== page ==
People & associates

Simon Breheny

Portrait of Simon Breheny

Director of Policy

Simon Breheny is Director of Policy at the Institute of Public Affairs.

Simon has been published in the Australian, the Australian Financial Review, the Sydney Morning Herald, the Age, the Daily Telegraph, the Herald Sun, the Canberra Times, the Sunday Tasmanian, the Guardian and the Punch. He is regularly interviewed on radio around the country in relation to legal rights and freedom of speech, and has appeared on ABC1's Q&A, 7.30 and LatelineABC News 24, Channel Ten’s The Project, Channel 7's Weekend Sunrise and Sky News' The Nation, AM AgendaLunchtime Agenda and PM Agenda. Simon is also a regular contributor on ABC’s News Breakfast.

Simon has also appeared as a witness to give expert evidence before the Senate Standing Committee on Environment and Communications, Senate Legal and Constitutional Affairs Legislation Committee, the Parliamentary Joint Committee on Intelligence and Security, Legal and Constitutional Affairs References Committee and the NSW Legislative Council Standing Committee on Law and Justice.

Simon grew up in central Victoria and attended Catholic College Bendigo before moving to Melbourne to study a Bachelor of Arts/Bachelor of Laws at the University of Melbourne. While completing his studies, Simon was elected President of the Melbourne University Law Students' Society and appointed Vice-President of the Victorian Council of Law Students' Societies.

Areas of expertise: legal rights, rule of law, legal history and philosophy, freedom of speech, liberal democracy, property rights, privacy, nanny state and regulatory agencies.

Contact details

Telephone: 03 9600 4744

Related publications

Treaty

IPA REVIEW ARTICLE | Morgan Begg and Simon Breheny

Debate over the constitutional recognition of Aboriginal and Torres Strait Islanders has consumed Australia's political class for almost a decade. Ever since former Prime Minister John Howard promised to recognise indigenous Australians in the...

Frequently asked questions about Section 18C of the Racial Discrimination Act 1975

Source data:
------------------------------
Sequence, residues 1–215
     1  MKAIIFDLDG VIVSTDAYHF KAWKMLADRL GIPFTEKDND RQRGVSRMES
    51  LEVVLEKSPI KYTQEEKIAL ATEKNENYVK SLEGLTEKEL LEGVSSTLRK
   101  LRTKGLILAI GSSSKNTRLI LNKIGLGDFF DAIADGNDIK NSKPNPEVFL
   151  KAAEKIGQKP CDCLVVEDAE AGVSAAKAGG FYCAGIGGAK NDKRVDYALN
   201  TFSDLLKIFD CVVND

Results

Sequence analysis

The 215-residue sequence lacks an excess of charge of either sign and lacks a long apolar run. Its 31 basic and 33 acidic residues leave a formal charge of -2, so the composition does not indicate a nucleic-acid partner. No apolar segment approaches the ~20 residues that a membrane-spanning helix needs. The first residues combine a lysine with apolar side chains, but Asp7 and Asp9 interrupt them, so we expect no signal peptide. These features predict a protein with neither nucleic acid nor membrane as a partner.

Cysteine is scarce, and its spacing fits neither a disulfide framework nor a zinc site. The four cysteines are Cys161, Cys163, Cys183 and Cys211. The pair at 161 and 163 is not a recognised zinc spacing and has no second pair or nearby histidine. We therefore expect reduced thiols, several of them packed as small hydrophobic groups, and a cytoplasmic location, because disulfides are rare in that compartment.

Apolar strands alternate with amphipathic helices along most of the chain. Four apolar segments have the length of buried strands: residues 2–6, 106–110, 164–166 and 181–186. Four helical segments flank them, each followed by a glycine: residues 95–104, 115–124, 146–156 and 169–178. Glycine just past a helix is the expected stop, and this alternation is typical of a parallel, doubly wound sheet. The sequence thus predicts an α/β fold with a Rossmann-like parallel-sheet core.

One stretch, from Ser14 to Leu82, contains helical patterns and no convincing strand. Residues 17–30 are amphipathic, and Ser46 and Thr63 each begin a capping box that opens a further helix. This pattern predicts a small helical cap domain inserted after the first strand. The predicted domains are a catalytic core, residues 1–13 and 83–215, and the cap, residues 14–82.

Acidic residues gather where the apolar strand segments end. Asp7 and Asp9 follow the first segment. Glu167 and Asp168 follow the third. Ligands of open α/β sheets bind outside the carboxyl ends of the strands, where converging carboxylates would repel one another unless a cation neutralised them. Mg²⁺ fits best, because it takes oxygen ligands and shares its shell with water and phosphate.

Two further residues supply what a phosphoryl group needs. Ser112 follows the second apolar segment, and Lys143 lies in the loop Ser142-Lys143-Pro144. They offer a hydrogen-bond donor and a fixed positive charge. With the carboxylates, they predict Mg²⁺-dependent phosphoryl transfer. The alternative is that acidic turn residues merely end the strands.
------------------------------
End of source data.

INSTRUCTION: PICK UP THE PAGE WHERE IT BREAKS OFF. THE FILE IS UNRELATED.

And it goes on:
MEDIA RELEASE | Simon Breheny

Question:  What was Section 18C intended to do? Answer: On 15 November 1994 in his Second Reading speech to the Racial Hatred Bill 1994 (which introduced Section 18C) the then Attorney-General, Mr Lavarch said: "The Racial Hatred Bill is...

IPA welcomes PM support for inquiry into 18C

MEDIA RELEASE | Simon Breheny

The free market think tank the Institute of Public Affairs today welcomed the Prime Minister's comment that a parliamentary inquiry into section 18C of the Racial Discrimination Act 1975 would be a "reasonable" way of having an "open and calm,...

Superannuation changes will condemn middle class to the pension

MEDIA RELEASE | Simon Breheny and Brett Hogan

The Turnbull Government's proposed superannuation changes will condemn middle-income Australians to the Age Pension, according to a research paper released today by free market think tank the Institute of Public Affairs. The paper, Strangling the...

IPA welcomes call for Senate inquiry into 18C

MEDIA RELEASE | Simon Breheny

The free market think tank the Institute of Public Affairs today welcomed Senator Nick Xenophon's call for a Senate inquiry into section 18C of the Racial Discrimination Act 1975. "A Senate inquiry would help break the deadlock in parliament over...

Related news

18C repeal the only solution on freedom of speech

Ideas & Liberty | Simon Breheny
The Australian 11th November, 2016

Here's a simple idea all lawmakers should adopt: when a law is fundamentally broken, it should be repealed. Not replaced. Repealed. So it is with...

Section 18C must go as it curbs freedom of speech

Ideas & Liberty | Simon Breheny
The Australian 14th October, 2016

Freedom of speech is meaningless if all it entails is the liberty to express opinions approved by the state. Freedom of speech is richer than that....

Banning political donations is banning freedom

Freedom of Speech | Simon Breheny
Daily Telegraph 13th September, 2016

In the wake of the Chinese ­donation scandal engulfing "Shanghai" Sam Dastyari, more than a few politicians have ­massively overreacted by...

Time to act: Curbs on free speech must go

Freedom of Speech | Simon Breheny
The Australian 19th August, 2016

A free speech revolution is just over the horizon. Several recent events are demonstrating that Australians are sick and tired of a political class...

A treaty with first Australians is divisive and dangerous

Legal Rights Project | Simon Breheny
The Australian 8th July, 2016

The concept of a treaty with Aboriginal and Torres Strait Islander peoples is illogical and divisive. The current push for such a document is...